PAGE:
Little River Farm depicts an agrarian landscape already revolutionized by industrialization and now at the cusp of the Digital Age, which transformed agriculture at the turn of the 21st century. The painting hangs in the Modern and Contemporary Art gallery at the Metropolitan Museum of Art as a snapshot of this liminality. According to the U.S. Department of Agriculture, the number of farms had already dramatically decreased from its peak of 6.8 million in 1935 to two million in the 1970s, which is a similar number to today. Within two centuries, agriculture shifted from a heavy reliance on slave and indentured labor to reliance on machines, sharecroppers, and prison labor. A recent farming technology timeline on ThoughtCo highlights how the time to produce 100 bushels of wheat decreased from 250-300 hours in the 19th century to just over three hours in the 1970s when Jacquette painted Little River Farm. That same decade, one farmer supplied food for over 75 people in the United States and abroad, compared to just under 10 people in the 1930s.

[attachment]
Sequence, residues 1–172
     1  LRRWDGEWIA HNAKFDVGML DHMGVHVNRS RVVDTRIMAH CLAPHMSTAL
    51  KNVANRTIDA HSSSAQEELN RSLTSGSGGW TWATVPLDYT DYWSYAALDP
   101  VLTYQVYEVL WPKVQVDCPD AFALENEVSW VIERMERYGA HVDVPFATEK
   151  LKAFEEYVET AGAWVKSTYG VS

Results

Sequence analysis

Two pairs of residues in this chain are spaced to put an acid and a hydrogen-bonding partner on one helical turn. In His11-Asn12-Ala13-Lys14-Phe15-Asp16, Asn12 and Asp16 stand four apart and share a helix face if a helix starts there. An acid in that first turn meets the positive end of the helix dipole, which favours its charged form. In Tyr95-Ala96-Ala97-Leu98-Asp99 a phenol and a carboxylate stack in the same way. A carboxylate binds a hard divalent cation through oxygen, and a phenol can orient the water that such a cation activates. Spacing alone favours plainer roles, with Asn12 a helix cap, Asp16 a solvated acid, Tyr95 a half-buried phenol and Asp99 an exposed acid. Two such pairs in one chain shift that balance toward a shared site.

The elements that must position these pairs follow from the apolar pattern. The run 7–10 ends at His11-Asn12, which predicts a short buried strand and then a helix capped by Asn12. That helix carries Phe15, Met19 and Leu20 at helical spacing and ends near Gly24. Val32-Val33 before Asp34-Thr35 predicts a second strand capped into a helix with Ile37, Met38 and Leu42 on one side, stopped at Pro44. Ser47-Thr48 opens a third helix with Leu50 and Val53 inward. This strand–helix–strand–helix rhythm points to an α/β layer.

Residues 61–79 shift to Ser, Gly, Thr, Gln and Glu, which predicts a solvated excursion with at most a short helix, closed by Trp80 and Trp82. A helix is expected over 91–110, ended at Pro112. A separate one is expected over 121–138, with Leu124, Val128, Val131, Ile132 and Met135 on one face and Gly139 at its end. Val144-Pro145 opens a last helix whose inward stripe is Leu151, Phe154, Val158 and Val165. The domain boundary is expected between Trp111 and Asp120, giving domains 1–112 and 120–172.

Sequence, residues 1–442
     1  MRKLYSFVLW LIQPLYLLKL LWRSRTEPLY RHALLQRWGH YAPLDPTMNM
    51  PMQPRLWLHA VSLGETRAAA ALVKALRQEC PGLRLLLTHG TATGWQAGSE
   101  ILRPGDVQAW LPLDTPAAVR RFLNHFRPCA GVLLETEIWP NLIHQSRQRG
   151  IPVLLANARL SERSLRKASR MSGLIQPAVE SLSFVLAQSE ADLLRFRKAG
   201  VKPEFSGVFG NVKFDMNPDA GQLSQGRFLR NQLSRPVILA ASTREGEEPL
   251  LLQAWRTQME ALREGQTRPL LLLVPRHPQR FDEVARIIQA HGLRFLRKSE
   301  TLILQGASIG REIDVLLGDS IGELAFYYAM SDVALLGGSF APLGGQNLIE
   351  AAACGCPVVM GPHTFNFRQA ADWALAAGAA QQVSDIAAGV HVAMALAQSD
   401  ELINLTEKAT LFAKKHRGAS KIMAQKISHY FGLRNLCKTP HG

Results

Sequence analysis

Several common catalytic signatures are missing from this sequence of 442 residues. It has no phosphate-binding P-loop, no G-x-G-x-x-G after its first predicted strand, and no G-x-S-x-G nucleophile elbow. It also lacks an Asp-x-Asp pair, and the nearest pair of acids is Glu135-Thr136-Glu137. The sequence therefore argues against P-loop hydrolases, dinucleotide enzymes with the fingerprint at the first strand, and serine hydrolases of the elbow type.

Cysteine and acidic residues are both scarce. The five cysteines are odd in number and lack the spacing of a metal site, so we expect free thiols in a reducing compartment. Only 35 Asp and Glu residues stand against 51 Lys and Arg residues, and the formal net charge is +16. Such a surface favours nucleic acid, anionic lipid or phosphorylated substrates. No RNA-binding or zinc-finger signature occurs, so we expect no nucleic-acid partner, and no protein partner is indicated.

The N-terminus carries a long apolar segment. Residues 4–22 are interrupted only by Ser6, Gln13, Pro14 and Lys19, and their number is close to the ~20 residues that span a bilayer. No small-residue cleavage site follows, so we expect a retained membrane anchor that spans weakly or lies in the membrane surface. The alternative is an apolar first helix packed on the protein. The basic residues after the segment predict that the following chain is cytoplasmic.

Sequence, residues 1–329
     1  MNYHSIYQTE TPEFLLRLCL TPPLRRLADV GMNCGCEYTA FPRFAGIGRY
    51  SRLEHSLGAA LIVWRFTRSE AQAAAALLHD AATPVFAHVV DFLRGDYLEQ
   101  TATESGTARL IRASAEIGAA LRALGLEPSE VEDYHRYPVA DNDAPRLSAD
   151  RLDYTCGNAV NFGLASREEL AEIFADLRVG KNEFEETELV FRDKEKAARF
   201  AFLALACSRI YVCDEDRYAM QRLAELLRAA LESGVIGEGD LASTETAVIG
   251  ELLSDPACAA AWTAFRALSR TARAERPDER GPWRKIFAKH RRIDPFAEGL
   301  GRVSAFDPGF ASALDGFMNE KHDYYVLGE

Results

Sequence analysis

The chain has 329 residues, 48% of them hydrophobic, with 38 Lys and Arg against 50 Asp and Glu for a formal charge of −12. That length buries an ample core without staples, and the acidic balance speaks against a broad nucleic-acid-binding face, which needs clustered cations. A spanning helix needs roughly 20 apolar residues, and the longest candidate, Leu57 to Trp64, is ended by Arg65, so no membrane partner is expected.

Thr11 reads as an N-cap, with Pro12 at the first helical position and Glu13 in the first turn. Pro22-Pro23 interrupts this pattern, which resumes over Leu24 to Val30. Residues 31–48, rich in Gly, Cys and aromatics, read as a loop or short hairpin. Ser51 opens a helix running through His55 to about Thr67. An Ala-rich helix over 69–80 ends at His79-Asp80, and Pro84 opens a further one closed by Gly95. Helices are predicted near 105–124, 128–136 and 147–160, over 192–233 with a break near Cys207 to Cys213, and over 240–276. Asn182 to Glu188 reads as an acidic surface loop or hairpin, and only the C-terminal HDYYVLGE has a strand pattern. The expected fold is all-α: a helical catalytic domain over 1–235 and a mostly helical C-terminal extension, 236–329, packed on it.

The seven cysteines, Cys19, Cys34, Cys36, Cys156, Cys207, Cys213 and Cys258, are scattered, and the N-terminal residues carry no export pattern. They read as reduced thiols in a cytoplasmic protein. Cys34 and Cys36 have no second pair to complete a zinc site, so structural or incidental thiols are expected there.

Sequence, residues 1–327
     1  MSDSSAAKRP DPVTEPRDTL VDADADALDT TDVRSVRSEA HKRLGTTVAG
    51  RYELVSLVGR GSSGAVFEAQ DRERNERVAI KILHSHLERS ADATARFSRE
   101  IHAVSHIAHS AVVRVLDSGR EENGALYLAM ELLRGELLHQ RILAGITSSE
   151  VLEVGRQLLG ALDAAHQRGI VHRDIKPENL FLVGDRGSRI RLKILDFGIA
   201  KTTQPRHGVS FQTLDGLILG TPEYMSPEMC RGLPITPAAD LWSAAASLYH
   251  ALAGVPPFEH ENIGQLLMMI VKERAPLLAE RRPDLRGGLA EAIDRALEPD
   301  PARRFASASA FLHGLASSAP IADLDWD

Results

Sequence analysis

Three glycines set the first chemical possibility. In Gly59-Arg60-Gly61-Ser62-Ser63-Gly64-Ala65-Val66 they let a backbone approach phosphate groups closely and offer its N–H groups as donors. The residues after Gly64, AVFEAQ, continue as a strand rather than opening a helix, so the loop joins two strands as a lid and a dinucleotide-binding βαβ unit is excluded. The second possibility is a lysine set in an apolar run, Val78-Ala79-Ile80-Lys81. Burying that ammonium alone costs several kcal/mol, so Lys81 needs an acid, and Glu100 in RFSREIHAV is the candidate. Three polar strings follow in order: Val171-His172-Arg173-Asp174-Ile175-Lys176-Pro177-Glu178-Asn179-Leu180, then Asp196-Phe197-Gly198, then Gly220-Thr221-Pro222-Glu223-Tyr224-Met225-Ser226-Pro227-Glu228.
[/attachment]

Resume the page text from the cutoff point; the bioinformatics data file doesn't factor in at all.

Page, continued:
Jacquette’s angled perspective of the fallow field fosters an expansive gaze at the effects of industrial farming and its direct connection to colonial destruction, in this case the land on which the Wabanaki have lived for 12,000 years. Since right after the Laurentide Ice Sheet melted, the Wabanaki, or People of the Dawnland, have inhabited and carefully cultivated the land that is now Maine. The five tribes include the Passamaquoddy, Penobscott, Abenaki, Mi’kmaq, and Wolastoqiyik (Maliseet) Nations. Wabanaki agriculture incorporates the Three Sisters—corn, beans, and squash—in addition to sunflowers, ground cherry, Jerusalem artichoke, and tobacco or sweetgrass. These plants comprise the Seven Sisters, which Wabanaki ethnobotanist Dr. Frederick M. Wiseman details in his 2018 book Seven Sisters: Ancient Seeds and Food Systems of the Wabanaki People and Chesapeake Bay Region. In the spring, a cluster of stars, known in the West as Pleides, rises with the sun and signals the time to plant the Seven Sisters.